Horse Side Vet Guide ®

Equine Health Resource

Withers Seem Flattened or Irregular

Code Orange - Call Your Vet at Their First Available Office Hours

Code Yellow - Contact Your Vet at Your Convenience for an Appointment

Code Orange - Call Your Vet at Their First Available Office Hours

  • If you notice significant swelling or pain at the site.

Code Yellow - Contact Your Vet at Your Convenience for an Appointment

  • For an assessment of how this will affect your horse's management and performance.

The withers consist of bone spines that project off the top of thoracic vertebrae. There are many different conformations of the withers, and some horses naturally have very flat withers. This fast fact refers to an obvious irregularity or excessive flattening of the withers that goes beyond usual conformational differences.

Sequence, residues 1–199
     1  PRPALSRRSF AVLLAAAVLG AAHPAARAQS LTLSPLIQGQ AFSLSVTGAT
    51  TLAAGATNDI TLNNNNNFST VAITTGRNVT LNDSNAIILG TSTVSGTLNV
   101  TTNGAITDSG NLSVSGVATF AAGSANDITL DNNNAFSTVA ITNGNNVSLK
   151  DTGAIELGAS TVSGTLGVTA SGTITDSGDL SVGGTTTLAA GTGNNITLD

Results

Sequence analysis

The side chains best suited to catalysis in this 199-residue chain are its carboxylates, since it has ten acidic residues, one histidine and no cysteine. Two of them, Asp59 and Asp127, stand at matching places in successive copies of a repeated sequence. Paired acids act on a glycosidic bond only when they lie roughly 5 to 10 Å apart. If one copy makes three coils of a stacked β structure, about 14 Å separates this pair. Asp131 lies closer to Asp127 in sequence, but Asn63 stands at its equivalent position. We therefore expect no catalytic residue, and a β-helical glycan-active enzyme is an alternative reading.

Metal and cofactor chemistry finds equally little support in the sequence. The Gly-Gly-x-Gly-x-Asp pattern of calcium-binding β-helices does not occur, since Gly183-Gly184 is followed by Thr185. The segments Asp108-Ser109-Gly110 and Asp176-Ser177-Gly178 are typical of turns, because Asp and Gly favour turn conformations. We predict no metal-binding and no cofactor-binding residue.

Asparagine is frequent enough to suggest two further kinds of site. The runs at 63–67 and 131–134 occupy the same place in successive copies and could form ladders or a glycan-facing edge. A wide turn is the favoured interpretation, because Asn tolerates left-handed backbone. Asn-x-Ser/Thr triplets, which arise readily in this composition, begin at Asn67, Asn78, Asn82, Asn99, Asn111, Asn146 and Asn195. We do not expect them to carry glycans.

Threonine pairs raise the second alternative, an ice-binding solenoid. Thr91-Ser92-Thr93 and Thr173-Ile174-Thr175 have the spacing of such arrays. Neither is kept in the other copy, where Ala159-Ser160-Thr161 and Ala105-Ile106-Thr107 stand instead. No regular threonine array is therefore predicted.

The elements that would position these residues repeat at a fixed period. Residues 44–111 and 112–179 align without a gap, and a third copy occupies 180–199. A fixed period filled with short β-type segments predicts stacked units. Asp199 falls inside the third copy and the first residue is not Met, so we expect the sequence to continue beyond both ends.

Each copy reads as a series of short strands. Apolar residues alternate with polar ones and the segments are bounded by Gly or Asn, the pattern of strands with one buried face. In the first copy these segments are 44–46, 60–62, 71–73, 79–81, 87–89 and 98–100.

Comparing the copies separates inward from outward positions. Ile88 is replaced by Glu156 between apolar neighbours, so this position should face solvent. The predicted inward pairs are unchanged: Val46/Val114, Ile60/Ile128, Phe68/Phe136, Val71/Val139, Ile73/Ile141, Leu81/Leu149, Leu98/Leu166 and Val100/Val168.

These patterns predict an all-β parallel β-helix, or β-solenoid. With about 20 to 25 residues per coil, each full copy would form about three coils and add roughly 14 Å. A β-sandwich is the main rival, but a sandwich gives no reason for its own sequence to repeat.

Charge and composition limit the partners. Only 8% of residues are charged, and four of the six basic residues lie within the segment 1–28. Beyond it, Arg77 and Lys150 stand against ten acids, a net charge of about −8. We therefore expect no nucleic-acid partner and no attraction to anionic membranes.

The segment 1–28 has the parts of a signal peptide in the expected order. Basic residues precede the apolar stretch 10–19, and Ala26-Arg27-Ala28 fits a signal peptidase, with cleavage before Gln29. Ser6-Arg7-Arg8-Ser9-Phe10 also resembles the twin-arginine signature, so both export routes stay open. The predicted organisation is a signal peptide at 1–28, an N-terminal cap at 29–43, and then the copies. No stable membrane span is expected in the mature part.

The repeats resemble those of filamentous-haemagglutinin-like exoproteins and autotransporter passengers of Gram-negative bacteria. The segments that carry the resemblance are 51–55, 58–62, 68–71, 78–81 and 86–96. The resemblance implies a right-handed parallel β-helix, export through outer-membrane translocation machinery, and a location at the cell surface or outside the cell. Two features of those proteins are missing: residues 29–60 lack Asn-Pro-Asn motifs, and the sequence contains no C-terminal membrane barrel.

If a horse rears over backwards and lands on the withers, these can be fractured and appear flat or irregular. Horses that sustain this injury are in discomfort for weeks to months as the area heals. After that, there is usually permanent flattening or irregularity of the contour of the withers. In most cases, once the withers heal, there is no longer pain in the area, and most horses can perform normally at any discipline.

WHAT TO DO

Assess your horse’s general health using the Whole Horse Exam (WHE). Assess the withers, feeling for heat, swelling, drainage or a pain response. There may be saddle fit considerations so check your saddle fit carefully. Look for white hair that could suggest focal pressure under the saddle. Share your findings and concerns with your vet.

Keep in mind that this horse may have reared over backwards once, so they may be predisposed to rear again. Keep this in mind when considering a horse for purchase that has damaged withers.

WHAT YOUR VET DOES

Your vet evaluates the area by feeling it, and assessing for general form, swelling, heat, drainage and other characteristics. Vets routinely gather more information about this area using x-ray and ultrasound. They may want to assess saddle fit as well.

Helpful Terms & Topics in HSVGWritten, Reviewed or Shared by Experts in Equine Health

Author: Doug Thal DVM Dipl. ABVP

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